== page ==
How to Edge a Lawn in 7 Simple Steps

Close-up of edged grass and walking path

Mowing your lawn but skipping out on the edging is like throwing your dirty clothes in the washer and forgetting the detergent. It’s just not a clean look. 

Edging your lawn accentuates your favorite landscape features — your natural stone walkway, flower beds, or brick pavers. And you don’t need to be a lawn care professional to get the job done right. 

Take a drive to your local improvement store, choose between a motorized or manual edger, and you can be edging your lawn today. 

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In this guide, we’ll show you how to turn an average landscape into a crisp, manicured lawn with these seven easy-to-follow edging steps. 

What is a Lawn Edger?

A lawn edger is a tool used to form clear boundaries between a turf lawn (or other botanical ground covers) and another surface, such as a paved pathway, stepping stones, garden bed, or the sidewalks near the edges of your lawn.

A lawn edger is either manual or motorized and typically cuts straight into the ground to create the distinct, trench-like boundary between the two surfaces. 

Motorized edgers

Motorized edgers are either electric or gasoline-powered. Motorized edgers are excellent for edging straight lines, right angles, and large perimeters. Motorized edgers easily cut through heavy grass and weed buildup.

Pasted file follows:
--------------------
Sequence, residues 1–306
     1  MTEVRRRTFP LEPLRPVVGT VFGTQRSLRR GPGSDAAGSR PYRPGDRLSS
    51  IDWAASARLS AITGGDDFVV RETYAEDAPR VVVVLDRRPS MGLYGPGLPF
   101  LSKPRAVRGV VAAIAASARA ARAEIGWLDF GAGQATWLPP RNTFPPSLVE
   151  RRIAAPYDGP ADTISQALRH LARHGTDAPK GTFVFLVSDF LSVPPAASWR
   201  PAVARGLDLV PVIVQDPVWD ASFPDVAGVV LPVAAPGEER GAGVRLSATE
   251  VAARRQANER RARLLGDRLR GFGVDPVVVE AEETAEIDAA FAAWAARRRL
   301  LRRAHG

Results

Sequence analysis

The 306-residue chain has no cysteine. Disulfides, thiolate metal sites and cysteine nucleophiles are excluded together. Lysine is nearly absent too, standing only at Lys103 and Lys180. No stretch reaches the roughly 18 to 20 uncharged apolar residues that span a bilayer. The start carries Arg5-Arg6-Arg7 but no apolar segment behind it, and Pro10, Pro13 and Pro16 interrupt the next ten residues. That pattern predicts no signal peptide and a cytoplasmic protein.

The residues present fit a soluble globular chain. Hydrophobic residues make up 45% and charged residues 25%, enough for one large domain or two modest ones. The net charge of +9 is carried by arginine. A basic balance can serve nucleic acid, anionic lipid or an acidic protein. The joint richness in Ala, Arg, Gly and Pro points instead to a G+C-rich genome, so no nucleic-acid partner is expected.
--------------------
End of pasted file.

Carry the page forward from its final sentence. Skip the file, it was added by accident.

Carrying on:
Electric edgers are either battery-operated and cordless or need to be plugged into an outlet. They’re typically lightweight and work well for small yards. 

There are three types of motorized edgers: 

  • String trimmers
  • Multi-wheel designs
  • Single wheel designs

Manual edgers

Manual edgers are sought after for their simple designs and easy handling. Using a manual edger may take a bit more effort on your part since they don’t run on gasoline or electricity. They’re excellent for those hard-to-reach places or to edge around a curved surface that requires a bit more control. 

Manual edgers for landscaping often work similarly to a small shovel. You’ll need to dig the half-moon blade into the ground to remove the overgrown grass. A manual edger also can feature a spiked roller wheel attached to a handle. Push the edger along the path, and the spiked roller wheel digs the boundary trench. 

These manual tools are durable and rarely need replacement. With a motorized edger, you may find it’s prone to a damaged engine or attachments that need regular maintenance. Manual edgers are typically less expensive than motorized lawn edgers. 

There are three types of manual edgers: 

  • Spade-based
  • Hand shears
  • Roller-based

How to Edge a Lawn in 7 Simple Steps

1. Mow your lawn

Mowing the lawn before you edge helps to reduce the grass and weeds around the areas you’ll soon be edging. A freshly cut lawn also will add to the polished look. 

Don’t hesitate to get out the edge trimmer or weed wacker -– these tools will help shorten the grass in hard-to-reach places, making lawn edging much more manageable. 

2. Plan your landscape edging

Using a garden hose or rope, give yourself an edging guide. A guide can be especially helpful if you’re using a manual edger and need assistance with keeping a straight line or going around a curve. 

Note that you will be edging in between the surface (such as a pathway) and the guide. Give yourself plenty of room between the surface and the guide for a distinct boundary trench.